ideal tonal wood

vtpcnk

Senior member
Messages
743
for both humbuckers and single coils?

gibson seems to prefer mahogany for many of its humbucker guitars.

fender seems to prefer alder for single coil strats.

yea i know gibson also have some single coil models and fender has humbuckers on some of its guitars.

but is there a wood which tonewise would be equally good with single coils and humbuckers?
 

exalted

Senior member
Messages
723
'Ideal' sounds like cost doesn't matter. Remember that Fender and Gibson only use alder and mahogany because they're relatively cheap.

There are many more choices available to you if you're looking at a Warmoth (but hey, I still went mahogany).
 
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ztevie

Guest
The muddiest guitar I owned was mahogany... Nice sustain and fat tone though. Basswod a little bit boring, ok but nothing special.
Had an alder Peavey with H-S, very nice... Had both bite and fatness to it. So in my limited experience I'd say alder, seems like a nice compromise between bassy/trebley... Haven't tried any "exotic" woods.
 

m4rk0

Senior member
Messages
5,383
I have great sounding guitars made out of:

Korina
Swamp Ash
Alder
Basswood
Mahogany

if you want something versatile or generic, go for Basswood or Alder.... Tastes Like Chicken!
 

SkuttleFunk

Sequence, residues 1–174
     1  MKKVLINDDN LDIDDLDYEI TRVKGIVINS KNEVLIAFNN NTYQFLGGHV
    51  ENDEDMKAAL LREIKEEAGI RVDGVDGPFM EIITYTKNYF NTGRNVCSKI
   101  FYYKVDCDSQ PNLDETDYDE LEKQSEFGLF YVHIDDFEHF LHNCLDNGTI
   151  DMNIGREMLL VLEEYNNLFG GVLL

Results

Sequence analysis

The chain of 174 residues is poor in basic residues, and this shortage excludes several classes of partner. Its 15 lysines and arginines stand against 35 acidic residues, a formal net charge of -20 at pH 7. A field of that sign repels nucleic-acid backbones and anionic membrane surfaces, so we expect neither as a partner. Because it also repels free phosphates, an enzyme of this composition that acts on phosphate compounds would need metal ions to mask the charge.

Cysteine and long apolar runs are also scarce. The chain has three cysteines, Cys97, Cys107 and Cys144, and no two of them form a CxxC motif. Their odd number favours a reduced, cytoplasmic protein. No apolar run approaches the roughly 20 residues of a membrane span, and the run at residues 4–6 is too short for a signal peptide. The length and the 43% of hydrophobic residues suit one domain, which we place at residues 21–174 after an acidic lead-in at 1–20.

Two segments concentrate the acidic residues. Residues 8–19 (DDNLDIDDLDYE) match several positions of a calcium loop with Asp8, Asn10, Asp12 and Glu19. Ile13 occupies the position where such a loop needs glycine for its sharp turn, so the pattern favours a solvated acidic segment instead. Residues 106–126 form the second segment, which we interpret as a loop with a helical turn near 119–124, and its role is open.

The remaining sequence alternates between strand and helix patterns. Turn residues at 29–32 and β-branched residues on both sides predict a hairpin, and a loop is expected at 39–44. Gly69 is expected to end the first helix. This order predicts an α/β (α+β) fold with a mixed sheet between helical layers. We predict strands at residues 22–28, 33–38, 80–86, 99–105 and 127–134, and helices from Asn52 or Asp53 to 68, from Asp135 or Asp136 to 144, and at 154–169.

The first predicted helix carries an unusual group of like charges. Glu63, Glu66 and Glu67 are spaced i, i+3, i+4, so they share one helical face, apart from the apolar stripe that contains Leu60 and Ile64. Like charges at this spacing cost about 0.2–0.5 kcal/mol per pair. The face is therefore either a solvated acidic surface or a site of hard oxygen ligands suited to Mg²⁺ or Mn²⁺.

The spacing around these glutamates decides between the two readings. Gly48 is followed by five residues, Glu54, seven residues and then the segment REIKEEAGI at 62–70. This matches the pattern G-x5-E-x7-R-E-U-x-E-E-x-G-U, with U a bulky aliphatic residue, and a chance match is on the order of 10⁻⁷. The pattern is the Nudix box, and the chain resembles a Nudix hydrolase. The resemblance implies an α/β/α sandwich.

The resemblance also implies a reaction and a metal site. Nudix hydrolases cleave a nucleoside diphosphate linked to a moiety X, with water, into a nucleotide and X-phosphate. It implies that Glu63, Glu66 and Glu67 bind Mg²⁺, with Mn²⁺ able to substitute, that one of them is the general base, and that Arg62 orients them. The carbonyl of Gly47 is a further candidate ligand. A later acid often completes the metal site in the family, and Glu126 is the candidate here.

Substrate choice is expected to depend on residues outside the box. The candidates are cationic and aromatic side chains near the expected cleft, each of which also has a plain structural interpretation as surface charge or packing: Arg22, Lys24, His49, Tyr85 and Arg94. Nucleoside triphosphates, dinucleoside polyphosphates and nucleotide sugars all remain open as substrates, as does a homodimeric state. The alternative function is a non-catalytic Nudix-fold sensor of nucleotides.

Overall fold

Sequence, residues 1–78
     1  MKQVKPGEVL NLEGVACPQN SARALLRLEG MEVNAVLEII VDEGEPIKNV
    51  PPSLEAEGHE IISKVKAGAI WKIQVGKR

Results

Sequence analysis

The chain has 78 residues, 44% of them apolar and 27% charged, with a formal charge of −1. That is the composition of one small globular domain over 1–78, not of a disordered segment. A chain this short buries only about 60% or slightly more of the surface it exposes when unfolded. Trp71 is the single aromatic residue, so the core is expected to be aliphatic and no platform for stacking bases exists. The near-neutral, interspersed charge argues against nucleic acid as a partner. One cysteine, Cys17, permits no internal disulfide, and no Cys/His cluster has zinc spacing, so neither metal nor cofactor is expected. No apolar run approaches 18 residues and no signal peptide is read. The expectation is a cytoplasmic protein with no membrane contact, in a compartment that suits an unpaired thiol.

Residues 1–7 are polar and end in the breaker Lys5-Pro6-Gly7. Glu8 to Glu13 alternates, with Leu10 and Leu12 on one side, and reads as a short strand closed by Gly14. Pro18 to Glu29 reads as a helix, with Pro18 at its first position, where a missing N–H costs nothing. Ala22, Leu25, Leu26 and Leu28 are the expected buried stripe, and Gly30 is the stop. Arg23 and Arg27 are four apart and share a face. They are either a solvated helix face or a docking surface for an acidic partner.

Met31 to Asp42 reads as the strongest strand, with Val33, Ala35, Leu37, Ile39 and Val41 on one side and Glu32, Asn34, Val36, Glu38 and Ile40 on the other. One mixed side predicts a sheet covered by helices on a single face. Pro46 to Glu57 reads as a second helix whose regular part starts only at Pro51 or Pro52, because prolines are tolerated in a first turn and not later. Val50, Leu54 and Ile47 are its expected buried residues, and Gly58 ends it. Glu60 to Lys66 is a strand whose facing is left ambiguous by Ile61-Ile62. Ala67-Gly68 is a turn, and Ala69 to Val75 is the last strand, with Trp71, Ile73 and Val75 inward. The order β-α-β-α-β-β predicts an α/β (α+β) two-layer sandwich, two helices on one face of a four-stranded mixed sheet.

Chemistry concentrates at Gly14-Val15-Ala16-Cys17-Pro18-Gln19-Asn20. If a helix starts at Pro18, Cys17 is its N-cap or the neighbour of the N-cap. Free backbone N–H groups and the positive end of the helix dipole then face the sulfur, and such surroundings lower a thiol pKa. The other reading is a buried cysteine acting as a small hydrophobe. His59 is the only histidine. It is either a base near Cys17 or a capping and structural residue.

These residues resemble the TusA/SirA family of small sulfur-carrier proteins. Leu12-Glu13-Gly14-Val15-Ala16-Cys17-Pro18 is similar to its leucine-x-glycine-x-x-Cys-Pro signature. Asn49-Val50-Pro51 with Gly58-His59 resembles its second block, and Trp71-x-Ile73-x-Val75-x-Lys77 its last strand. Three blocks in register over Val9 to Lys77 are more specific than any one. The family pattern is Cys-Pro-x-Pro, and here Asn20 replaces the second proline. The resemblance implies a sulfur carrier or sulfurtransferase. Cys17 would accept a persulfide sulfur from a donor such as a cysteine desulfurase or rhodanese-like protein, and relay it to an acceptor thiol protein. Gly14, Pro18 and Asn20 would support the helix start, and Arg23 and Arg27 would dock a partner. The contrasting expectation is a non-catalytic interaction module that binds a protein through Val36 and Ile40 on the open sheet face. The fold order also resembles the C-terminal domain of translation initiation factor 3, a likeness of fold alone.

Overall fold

Senior member
Messages
1,156
the ideal wood is whatever is suitable to mount your pickups, bridge, and neck to and is also able to hold-up under regular playing. this rules out woods like Balsa, but opens the door to many different species that may not be appropriate for the "Leo did it this way for a sonic reason" crowd ;)

(fwiw - Leo chose Alder and reject lightweight Ash because ... in his day, it was cheap)

all the best,

R
 

Vol. Knob

Senior member
Messages
601
It all depends on what you're wanting.  Tone, style, etc...  And neck or body?

Single coils...
I've had a few Ash bodied/maple necked strats and loved the bright spanking sparkle. 

I have a mahogany bodied thinline that had a maple neck until recently.  With the maple neck it sounded bright yet round.  It currently has a Goncalo Alves Neck, that still needs a little more setup, and it now sounds less bright (not a bad thing) but much much more... HUGE. 

Humbuckers....
I have an Epiphone Les Paul Custom that sounds DARK, Mahogany neck, Mahogany body...  But she's sustainy and smoooooth.  My only gripe is its painted black and not a natural finish.

I recomend
 

Orpheo

Senior member
Messages
2,738
I'm sold on walnut. for singlecoils, its GREAT! nice shimmering tone, transparant... with a singlecoil in the bridge (preferebly slightly overwound, alnico5, but still on the bright side) it roars and crunches like a horny elephant. 2 singlecoils parallel, slightly UNDERwound with alnico5's or a bit overwound with alnico2 for neck and underwound+A5 in middle, is GREAT for stratty tones, so to say.

but if you have it overwound, singlecoil, and you can coilTAP it for the aforementioned tones, thats cool, cause when you have it full whack, damn, thats sweet. the p90 sound I needed. raunchy, dirty, sweet, 'sticky', pressing, raw. me like!!

but with humbuckers, you have a nice punchy tone, fatty, pushing, great pinches, and very accurate. its a bit 'brighter' and more focussed than korina, but thats why I like it with humbuckers. if I want a mellow sweet sound with my humbucker, I'll roll down tone and volume.


Walnut all the way.
 

imminentG

Senior member
Messages
248
Black Korina is the cosmetic and functional christ of a company that could ONLY BE called Warmoth  :laughing3:
 
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callaway

Guest
imminentG said: